ANDREA SEABROOK, host:

From NPR News, this is ALL THINGS CONSIDERED. I'm Andrea Seabrook.

MICHELE NORRIS, host:

And I'm Michele Norris.

For his faithful fans, Vicente Fernandez is an icon, a living legend. And now, Mexico's king of mariachi has a new bilingual boxed set, and he has just launched his biggest U.S. tour ever. He's reaching out to old fans and hoping to attract new ones on this side of the border.

From member station KQED in San Francisco, Victoria Mauleon has this story.

VICTORIA MAULEON: By the time Vicente Fernandez arrived in Stockton, California, early in his tour, he'd already broken records. Stockton sold out faster than any other city, and the Fernandez show was the hottest ticket in the Stockton Arena's short history.

(Soundbite of music)

MAULEON: In the Disco Azteca, a local record store where Fernandez' songs are on heavy rotation this day, his fans have no trouble explaining who he is.

Unidentified Man: (Spanish spoken)

Unidentified Woman: (Spanish spoken)

MAULEON: The king of ranchera, pure Mexican. For Salvador Suarez to arrive hear from the Mexican state of Jalisco three years ago, it takes just a few seconds to recognize one of the tunes blowing from every speaker.

Mr. SALVADOR SUAREZ: (Spanish spoken)

MAULEON: These songs, called rancheras are considered Mexico's heartland music, backed by mariachi ensembles playing lavish arrangements heavily sloughed in strings. And Vicente Fernandez' operatic voice soars above, romanticizing the torture and splendor of rural life.

Disco Azteca owner Elva Sanchez.

Ms. ELVA SANCHEZ (Owner, Disco Azteca): (Spanish spoken) He's the most Mexican caboy around today. I mean, who doesn't know the song "Volver, Volver"? I think when most people hear "Volver, Volver," they think about Vicente Fernandez and Mexico.

(Soundbite of song, "Volver, Volver")

Mr. VICENTE FERNANDEZ (Mariachi Singer): (Singing in Spanish)

MAULEON: "Volver, Volver" or "To Return" catapulted the singer into stardom in 1976, breaking all record sales in Mexico. On the surface, it's a song about yearning for a lover. But, says L.A. Times arts writer Agustin Gurza, it resonated with his fans across the border for another reason.

Mr. AGUSTIN GURZA (Arts Writer, L.A. Times): It really appealed to the Mexican immigrant here in California because it has elements of nostalgia in the song, and you could interpret it as I'm going to go back to Mexico, and it's sort of this longing and yearning for the homeland.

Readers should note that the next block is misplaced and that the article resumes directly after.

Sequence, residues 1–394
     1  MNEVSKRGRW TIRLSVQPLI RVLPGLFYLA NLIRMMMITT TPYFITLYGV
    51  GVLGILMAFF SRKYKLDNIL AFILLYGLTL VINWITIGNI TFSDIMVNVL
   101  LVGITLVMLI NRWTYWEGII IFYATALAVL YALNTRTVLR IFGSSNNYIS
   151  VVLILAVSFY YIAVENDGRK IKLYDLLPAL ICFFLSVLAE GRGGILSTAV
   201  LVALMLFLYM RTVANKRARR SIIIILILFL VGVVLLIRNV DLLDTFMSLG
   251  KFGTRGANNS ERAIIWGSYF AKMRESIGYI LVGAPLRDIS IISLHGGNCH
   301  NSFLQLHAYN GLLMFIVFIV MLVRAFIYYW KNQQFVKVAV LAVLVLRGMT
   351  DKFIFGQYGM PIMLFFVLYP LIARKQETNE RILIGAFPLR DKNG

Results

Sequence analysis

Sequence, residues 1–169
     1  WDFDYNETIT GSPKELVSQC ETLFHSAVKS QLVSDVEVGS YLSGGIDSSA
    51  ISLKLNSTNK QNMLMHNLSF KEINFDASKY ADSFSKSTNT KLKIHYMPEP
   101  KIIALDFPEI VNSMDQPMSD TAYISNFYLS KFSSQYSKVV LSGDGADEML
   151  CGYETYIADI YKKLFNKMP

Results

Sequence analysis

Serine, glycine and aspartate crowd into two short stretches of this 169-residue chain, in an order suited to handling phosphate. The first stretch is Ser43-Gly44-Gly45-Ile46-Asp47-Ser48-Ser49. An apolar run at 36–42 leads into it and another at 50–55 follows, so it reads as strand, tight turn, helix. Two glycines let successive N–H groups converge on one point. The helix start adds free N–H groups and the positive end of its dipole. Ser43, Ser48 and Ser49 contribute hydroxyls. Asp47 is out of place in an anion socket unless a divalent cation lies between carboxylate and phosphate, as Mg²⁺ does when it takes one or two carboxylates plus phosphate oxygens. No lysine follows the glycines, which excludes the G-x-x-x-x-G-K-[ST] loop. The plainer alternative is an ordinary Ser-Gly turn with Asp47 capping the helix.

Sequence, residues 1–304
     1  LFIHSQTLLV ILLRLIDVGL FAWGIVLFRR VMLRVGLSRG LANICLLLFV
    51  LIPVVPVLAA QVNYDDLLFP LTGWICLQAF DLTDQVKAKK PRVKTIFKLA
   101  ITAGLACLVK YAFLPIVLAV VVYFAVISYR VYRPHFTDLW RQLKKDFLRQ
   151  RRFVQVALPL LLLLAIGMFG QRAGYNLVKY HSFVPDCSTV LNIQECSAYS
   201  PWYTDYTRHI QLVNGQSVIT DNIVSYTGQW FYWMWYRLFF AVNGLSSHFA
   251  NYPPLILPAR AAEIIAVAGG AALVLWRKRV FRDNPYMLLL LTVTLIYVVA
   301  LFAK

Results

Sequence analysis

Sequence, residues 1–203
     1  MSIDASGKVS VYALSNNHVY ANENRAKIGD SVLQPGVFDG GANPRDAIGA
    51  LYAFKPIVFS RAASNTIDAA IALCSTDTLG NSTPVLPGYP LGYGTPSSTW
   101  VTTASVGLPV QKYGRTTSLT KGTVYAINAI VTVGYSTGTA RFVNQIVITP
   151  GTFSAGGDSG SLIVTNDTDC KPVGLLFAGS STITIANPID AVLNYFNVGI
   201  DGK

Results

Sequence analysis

MAULEON: Gurza says fans also connect with Fernandez' own rags-to-riches story. Before he became a megastar, he struggled to survive, taking a series of odd jobs, from dishwasher to shoeshine boy. Now that he's one of Mexico's highest-grossing artists of all time, landing an interview with Vicente Fernandez is like getting a sit-down with Elvis.

Still, despite Fernandez' 50 million records, dozens of starring film roles and a vast personal fortune, his fans perceive him as one of their own.

(Soundbite of music)

Mr. FERNANDEZ: (Singing in Spanish)

MAULEON: And on stage, Fernandez is known for giving his fans his all. In his three-hour marathon performances fueled by cognac and cigarettes, the artist tells the crowd he won't stop singing until they stop clapping. With his gigantic cowboy hat, jet-black moustache and gleaming charro outfit, he projects the image of a powerful, passionate and fearless Mexican man.

(Soundbite of cheers)

Mr. GURZA: That's his image and that's why people love him, because he appeals to people that are basically - a lot of people that come here as immigrants -very powerless with almost no ability to fight back in terms of their workplace or against immigration laws and that sort of thing.

MAULEON: Fernandez celebrates his Mexican pride in songs like "Como Mexico No Hay Dos," "Like Mexico, There is No Other," a song he chose to highlight on his new boxed set.

(Soundbite of song, "Como Mexico No Hay Dos")

Mr. FERNANDEZ: (Singing in Spanish)

MAULEON: In it, he praises California's beauty, glamorous celebrities and fine wines, but prefers the tequila of his homeland.

(Soundbite of song, "Como Mexico No Hay Dos")

Mr. FERNANDEZ: (Singing in Spanish)

MAULEON: And just as there's only one Mexico, there's only one Vicente Fernandez. Nearing 70, Fernandez may be Mexico's last great master of the rural genre.

For NPR News, I'm Victoria Mauleon.

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